First appearing as a concept at the EICMA show in Milan in 2014, Moto Guzzi's slick MGX-21 cruiser made its formal debut as the Flying Fortress at the Sturgis Motorcycle Rally in South Dakota this weekend.

Based on the company's California cruiser model, the bike's original alpha-numeric moniker stood for Moto Guzzi eXperiment, with the 21 denoting both the year (1921) Moto Guzzi began production of its first motorcycle and the size of the Flying Fortress' front wheel.

While that front wheel isn't quite the same as the striking solid number we saw on the MGX-21 prototype, the production version still bears a lot of the sleekness and attitude of the initial design, and has some features that make it decidedly different than the baggers and cruisers made by the likes of Harley Davidson, Indian and Victory.

Moto Guzzi's MGX-21 prototype

The MGX-21 Flying Fortress production model

Let's start with the generous use of carbon fiber, a material that's more traditionally seen on sport bikes. There are eleven carbon fiber components on the Flying Fortress, including the fenders, the front wheel, and the pannier (side bag) covers. Moto Guzzi claims a 16 kg weight savings as a result.

Take a look at the front of the bike and the bat wing fairing looks unlike any stock fairing found on cruisers today, with its unique scalloped windshield and more backward angled design. This cruiser wouldn't look out of place on the streets of Gotham City.

From the side, the bright red cylinder heads and Brembo brake calipers keep this from mimicking the other blacked out bikes that are now becoming fairly standard issue. Add the carbon fiber and the unique design of the wheels and there's no way this Italian stallion could be mistaken for an American cruiser.

Beyond pure design, Moto Guzzi has also added electronic features that would more likely be found on many of today's sport and dual sport bikes.

The Flying Fortress comes with a ride-by-wire electronic management system that includes three ride maps: Veloce to access the most power and torque, Turismo for smoother power delivery on long trips, and Pioggia for rain and slick road conditions.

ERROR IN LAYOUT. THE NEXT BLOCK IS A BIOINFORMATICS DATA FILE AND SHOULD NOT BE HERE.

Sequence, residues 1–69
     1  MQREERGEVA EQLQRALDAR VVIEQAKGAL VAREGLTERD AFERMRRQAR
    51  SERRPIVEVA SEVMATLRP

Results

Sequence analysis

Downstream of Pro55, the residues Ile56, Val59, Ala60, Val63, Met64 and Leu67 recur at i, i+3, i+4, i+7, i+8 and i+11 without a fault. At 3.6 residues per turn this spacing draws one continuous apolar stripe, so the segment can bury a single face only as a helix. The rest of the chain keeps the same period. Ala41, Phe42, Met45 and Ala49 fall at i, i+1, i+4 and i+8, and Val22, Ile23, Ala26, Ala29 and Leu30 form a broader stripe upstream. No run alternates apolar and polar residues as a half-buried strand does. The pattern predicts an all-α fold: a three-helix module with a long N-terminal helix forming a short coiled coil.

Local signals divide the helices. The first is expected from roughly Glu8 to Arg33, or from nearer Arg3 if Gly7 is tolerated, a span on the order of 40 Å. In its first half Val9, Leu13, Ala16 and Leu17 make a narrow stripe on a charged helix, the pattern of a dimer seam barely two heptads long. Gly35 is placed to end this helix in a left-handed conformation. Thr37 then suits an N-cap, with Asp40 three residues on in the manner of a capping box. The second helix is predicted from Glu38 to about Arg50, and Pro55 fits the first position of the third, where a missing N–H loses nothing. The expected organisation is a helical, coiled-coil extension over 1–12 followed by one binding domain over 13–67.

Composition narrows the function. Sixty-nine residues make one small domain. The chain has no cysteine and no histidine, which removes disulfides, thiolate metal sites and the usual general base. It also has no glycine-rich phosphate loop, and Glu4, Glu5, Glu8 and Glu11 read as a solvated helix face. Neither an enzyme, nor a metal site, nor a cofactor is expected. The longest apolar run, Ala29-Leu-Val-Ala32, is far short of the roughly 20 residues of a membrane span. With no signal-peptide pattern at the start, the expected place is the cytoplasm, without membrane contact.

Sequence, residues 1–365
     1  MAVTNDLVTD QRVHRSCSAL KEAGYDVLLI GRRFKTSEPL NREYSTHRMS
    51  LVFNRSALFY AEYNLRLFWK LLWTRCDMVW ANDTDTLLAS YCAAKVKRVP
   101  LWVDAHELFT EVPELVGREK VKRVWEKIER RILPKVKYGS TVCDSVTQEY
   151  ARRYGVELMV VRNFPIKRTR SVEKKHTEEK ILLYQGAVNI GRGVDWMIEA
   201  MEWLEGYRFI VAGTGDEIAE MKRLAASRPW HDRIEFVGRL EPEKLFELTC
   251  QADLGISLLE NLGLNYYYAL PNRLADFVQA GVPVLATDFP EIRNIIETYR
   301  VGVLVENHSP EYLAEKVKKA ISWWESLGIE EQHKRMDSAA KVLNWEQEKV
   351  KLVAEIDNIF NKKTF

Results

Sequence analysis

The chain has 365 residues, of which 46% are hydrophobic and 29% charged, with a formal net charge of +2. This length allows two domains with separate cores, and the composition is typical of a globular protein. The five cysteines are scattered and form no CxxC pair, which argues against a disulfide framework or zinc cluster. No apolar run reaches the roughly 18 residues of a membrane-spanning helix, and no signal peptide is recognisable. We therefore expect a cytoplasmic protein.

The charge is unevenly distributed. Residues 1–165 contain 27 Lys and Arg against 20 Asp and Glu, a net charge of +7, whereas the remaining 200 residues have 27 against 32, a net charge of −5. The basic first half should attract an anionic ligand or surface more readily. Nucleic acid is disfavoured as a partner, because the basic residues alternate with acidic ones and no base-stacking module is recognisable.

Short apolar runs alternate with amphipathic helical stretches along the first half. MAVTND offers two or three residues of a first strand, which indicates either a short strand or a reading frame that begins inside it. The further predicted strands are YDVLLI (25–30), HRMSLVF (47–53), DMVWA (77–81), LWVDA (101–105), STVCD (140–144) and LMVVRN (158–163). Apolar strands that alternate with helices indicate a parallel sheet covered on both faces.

Buried inside the fairing is a dual instrument cluster providing all of the key information including gear indicator, average and instantaneous fuel consumption, and air temperature.

The entertainment system comes with an AM/FM radio tied to a 25 Watt per channel amplifier connected to a pair of loudspeakers, a Bluetooth module that can host up to five devices, and a USB socket for external devices like a smartphone that can be used as a music player or to manage incoming calls.

The one part of the Flying Fortress that is the same as the California is the 1400 cc, 90-degree transverse V-Twin engine. It's mated to the same six-speed transmission and shaft drive, and kicks out a claimed 97 hp (71 kW) and 89 ft-lbs (121 Nm) of torque.

Two-channel ABS comes standard, with four-piston Brembos up front and two-piston Brembos out back to bring the Flying Fortress to a stop.

Curb weight is listed at 752 lbs (341 kg), which is about average for a similar bagger and fairing set up.

Moto Guzzi indicates fuel tank capacity as 5.4 gallons (20.5 liters), but no fuel consumption figures were made available, so it's hard to say how far you'll be able to take the Flying Fortress between gas stops.

The one nit we might have is that Moto Guzzi is claiming a low seat height at 29 inches (740 mm). Considering many of the cruisers and baggers made today come in at around 25 inches (690 mm), we think low could be stretching the definition a little.

The Flying Fortress is expected in dealer showrooms later this year, but no price has yet been announced. Considering the California lists at US$18,490, we imagine that this new bike from Moto Guzzi will be come in north of that, and that's before taking advantage of the available accessories.

Check out the official MGX-21 Flying Fortress video:

Source: Moto Guzzi

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